I recently bought a Mary Oliver collection. I’ve never particularly like her writing and for some reason I’ve always found her to be quite dull. But lately, reading this book, I seem to be coming around.
By Mary Oliver
You do not have to be good.
You do not have to walk on your knees
for a hundred miles through the desert, repenting.
You only have to let the soft animal of your body
love what it loves.
Tell me about despair, yours, and I will tell you mine.
Meanwhile the world goes on.
Meanwhile the sun and the clear pebbles of the rain
are moving across the landscapes,
over the prairies and deep trees,
the mountains and the rivers.
Meanwhile the wild geese, high in the clean blue air
are heading home again.
Whoever you are, no matter how lonely,
the world offers itself to your imagination,
calls to you like the wild geese, harsh and exciting--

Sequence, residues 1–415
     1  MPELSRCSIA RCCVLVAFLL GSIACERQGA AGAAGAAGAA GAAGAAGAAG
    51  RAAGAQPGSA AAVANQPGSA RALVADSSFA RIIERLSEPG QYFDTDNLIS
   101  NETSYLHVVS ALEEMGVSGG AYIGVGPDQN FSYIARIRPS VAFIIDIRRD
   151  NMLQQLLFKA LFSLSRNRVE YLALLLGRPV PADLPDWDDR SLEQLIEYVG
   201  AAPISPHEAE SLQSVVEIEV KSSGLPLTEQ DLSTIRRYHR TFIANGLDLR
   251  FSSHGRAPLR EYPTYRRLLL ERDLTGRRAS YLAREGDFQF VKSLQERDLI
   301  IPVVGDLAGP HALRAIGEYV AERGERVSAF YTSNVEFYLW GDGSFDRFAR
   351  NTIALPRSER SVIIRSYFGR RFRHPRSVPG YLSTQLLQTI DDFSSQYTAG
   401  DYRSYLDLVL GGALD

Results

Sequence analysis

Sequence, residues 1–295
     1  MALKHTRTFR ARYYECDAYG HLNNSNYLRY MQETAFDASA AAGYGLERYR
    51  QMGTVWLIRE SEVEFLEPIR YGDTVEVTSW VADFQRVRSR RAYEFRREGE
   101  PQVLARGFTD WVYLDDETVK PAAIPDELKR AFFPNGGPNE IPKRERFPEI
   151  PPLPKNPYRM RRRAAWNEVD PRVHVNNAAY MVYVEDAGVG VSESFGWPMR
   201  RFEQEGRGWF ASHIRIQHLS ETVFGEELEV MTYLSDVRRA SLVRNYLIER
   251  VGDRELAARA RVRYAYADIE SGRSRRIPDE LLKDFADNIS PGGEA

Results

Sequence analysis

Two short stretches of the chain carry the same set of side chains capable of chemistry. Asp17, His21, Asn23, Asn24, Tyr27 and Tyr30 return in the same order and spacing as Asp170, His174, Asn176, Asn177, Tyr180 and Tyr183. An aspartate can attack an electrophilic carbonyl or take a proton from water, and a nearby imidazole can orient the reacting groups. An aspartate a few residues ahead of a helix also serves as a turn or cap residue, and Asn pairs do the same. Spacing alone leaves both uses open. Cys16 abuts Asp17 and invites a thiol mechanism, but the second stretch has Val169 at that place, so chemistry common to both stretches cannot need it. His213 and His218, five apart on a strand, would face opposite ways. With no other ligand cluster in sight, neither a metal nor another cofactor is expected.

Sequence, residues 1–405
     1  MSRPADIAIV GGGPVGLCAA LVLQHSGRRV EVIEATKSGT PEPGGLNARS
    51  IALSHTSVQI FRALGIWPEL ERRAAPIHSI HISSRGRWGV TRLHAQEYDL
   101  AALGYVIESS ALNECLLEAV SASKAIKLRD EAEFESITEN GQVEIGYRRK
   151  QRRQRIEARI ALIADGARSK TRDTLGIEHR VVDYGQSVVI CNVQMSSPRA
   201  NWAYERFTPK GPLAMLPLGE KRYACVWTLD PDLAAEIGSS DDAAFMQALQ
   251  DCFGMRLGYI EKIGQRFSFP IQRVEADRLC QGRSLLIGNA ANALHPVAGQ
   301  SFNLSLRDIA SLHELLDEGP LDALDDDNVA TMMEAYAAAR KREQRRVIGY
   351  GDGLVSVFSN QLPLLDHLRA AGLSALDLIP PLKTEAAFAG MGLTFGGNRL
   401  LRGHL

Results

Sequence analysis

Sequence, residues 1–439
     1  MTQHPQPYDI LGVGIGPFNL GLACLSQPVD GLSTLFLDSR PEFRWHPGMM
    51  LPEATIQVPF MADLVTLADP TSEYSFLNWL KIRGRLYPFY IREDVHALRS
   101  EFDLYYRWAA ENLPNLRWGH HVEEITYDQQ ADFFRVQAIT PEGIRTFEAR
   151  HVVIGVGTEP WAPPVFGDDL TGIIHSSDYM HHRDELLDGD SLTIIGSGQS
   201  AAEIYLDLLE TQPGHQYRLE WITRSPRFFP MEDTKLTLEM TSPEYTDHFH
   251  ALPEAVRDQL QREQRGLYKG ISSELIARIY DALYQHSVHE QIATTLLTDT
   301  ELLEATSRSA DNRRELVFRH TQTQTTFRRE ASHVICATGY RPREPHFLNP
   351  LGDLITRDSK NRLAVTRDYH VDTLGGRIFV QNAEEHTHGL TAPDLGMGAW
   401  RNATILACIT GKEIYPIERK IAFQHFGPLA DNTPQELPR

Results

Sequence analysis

over and over announcing your place
in the family of things.
I suppose that it’s taken me awhile to get used to her simple, natural style. She never tries to do “more” with her poems—she does just enough. She paints a very clear image and connects it to a very clear message and comes out with a very clear poem. (Notice a pattern?)
This poem is very representative of her style. It’s probably her most famous poem, or at least one of her most famous, though I’m not positive about what separates this one from a lot of others. The idea is just that you can always find comfort in the wonders of nature. It’s nice, clear and understandable—but certainly not original.
The first three lines of this poem are wonderful. Walking on your knees is hard enough, but to say “you do not have to” do so implies that there is a reason for doing something so difficult; which in turn implies that you have committed a great sin. Coupled with the first line (“you do not have to be good”), this idea is somewhat disconcerting. You do not have to do things, but maybe you should do them.